Policing Rumour

Tamil Nadu is misusing hate speech laws by arresting people for social media comments.

Written by Manuraj Shanmughasundaram | Updated: October 20, 2016 6:25 am
Jayalalithaa, Jayalalitha, Jaya, Rajinikanth, Jayalalithaa health, Jayalalitha health jaya health, apollo hospital chennai, tamil nadu news, inida news Tamil Nadu Chief Minister J Jayalalithaa was admitted to the hospital on September 22 after she complained of fever and dehydration.

If you are part of a WhatsApp group or on social media in Tamil Nadu, you should be worried. The Tamil Nadu police has arrested eight people, most of them charged under Section 505 of the Indian Penal Code, for spreading rumours on social media, in the past few days. This is nothing but another Victorian-era law being twisted to terrify people in a time of political uncertainty. It is an assault on free speech — an act forbidden by the Constitution and repeatedly admonished by the highest courts.

Section 505 is one among a battery of “hate speech laws”. These laws, like sedition (Section 124A), were used by the British government to muzzle dissent against the rulers and strike fear among Indian subjects. The internet has created a culture of rapid information dissemination and citizen empowerment. Years of free speech activism have allowed constitutional courts to mould a balanced and nuanced approach towards maintaining fundamental rights as well as public order. Yet, the Tamil Nadu police seems to have a reckless disposition to misuse penal provisions.

The fundamental right to freedom of speech and expression provided under Article 19(1) of the Constitution is certainly not absolute. The citizen’s right is tempered with the state’s duty to protect “interests of the sovereignty and integrity of India, security of the State, friendly relations with foreign states and public order”. The Constituent Assembly of India deliberated on the extent and scope of this fundamental right in detail on December 1, 1948. The debate sparked massive interest, but the submission of Thakur Dass Bhargava made a a telling impact. Upon Bhargava’s request, B.R. Ambedkar changed the terminology from just “restrictions” in Article 19(2) to “reasonable restrictions”. This was done so that the actions of the state to restrict fundamental rights can be examined by the courts to assess if they are reasonable or not. By prefixing one word, the question of fundamental rights and restrictions exercisable by the state became justiciable.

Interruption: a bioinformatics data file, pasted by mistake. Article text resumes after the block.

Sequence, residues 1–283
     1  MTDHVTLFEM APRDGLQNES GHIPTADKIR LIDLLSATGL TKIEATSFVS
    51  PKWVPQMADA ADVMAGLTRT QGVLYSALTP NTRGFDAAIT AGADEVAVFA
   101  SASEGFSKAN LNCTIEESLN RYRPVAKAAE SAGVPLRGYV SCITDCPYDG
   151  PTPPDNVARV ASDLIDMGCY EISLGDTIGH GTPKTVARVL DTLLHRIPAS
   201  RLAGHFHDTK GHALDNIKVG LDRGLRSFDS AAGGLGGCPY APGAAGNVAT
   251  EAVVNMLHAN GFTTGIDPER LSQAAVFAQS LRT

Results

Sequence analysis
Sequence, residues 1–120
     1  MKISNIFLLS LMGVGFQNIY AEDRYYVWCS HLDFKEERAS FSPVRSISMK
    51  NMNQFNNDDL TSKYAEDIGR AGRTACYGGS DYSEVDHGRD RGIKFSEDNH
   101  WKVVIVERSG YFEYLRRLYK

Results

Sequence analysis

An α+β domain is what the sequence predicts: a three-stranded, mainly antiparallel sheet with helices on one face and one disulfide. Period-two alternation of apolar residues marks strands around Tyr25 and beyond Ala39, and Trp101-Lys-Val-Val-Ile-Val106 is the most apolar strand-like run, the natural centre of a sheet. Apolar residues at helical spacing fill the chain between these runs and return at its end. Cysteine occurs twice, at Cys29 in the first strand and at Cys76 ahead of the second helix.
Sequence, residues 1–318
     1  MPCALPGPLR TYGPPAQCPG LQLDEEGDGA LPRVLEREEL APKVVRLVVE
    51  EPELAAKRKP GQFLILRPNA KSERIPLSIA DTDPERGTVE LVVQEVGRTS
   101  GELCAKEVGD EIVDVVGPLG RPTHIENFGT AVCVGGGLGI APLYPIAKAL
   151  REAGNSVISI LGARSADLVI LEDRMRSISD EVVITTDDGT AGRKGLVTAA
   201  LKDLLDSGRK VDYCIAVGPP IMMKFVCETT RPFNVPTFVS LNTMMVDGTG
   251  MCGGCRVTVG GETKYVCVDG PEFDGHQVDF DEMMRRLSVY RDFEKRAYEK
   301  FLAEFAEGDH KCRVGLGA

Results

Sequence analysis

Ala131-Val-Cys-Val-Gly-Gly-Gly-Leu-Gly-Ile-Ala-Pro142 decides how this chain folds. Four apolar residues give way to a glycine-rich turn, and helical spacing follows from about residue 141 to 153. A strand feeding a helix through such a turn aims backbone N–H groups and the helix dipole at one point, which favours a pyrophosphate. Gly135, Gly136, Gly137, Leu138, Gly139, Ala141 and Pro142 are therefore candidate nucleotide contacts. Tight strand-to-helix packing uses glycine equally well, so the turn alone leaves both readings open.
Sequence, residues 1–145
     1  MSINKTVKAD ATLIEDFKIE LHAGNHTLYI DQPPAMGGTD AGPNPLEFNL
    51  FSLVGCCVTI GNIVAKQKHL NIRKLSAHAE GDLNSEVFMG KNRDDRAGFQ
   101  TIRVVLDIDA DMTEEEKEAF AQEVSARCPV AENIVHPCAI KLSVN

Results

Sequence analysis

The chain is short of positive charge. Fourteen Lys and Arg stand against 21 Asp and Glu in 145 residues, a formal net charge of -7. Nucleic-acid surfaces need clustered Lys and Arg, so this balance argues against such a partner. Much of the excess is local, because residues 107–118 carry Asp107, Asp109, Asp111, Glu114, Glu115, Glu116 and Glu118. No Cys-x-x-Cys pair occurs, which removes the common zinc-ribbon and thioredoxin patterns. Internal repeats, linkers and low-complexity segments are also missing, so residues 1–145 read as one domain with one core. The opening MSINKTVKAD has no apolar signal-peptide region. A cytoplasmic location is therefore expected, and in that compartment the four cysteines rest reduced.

In S. Rangarajan vs P Jagajivan, the Supreme Court interpreted how freedom of expression must be treated when it conflicts with social interests. They advocated the “spark in a powder keg” test, which simply means that freedom of expression can only be suppressed if situations created by allowing such freedom are pressing. The court said that “the anticipated danger should not be remote, conjectural or far-fetched” and it “should have proximate and direct nexus” with that expression.

In 2005, actor turned politician Khushboo faced a series of cases under Section 505 IPC for speaking out on premarital sex. In all, 22 cases were filed against her by people who claimed her interview had denigrated Tamil culture. All cases were quashed by the apex court. In the last five years, 214 defamation cases have been filed by the Tamil Nadu government against political opposition and the media. Those protesting against nuclear power and the government’s policies on alcohol have been subjected to sedition charges. There is a mindless misapplication of archaic laws against people who are critical of the government, its policies and its agents.

Arrest of eight persons in the last three or four days for spreading rumours about the chief minister’s health is the culmination of such high-handed behaviour. Those arrested have been accused of posting messages regarding the chief minister’s health on social media and, in one case, conversing within a bank premises. They have been charged under a number of provisions, including Section 505 of IPC, which deals with “statements conducing to public mischief”. Yet, none of the alleged statements bear out what public mischief was created. In Bilal Ahmed Kaloo vs Andhra Pradesh, the apex court has said mechanically convicting a citizen for offences of such serious nature like sedition and promoting enmity and hatred “does harm to the cause”. In this regard, the courts have, time and again, recommended the Brandenburg test which says that there must be an imminent danger to society to justify curtailment of free speech.

The police and their superiors seem to have paid scant attention to such judicial advice. Instead, laws have been bent to suit narrow purposes. Such actions by the police show that they do not believe they are accountable to the people, but follow orders of partisan political masters. The only way forward is for courts to play a proactive role in striking down the misuse of the hate speech laws and reaffirming civil rights in our country.

The writer is lawyer Madras High Court and spokesperson, DMK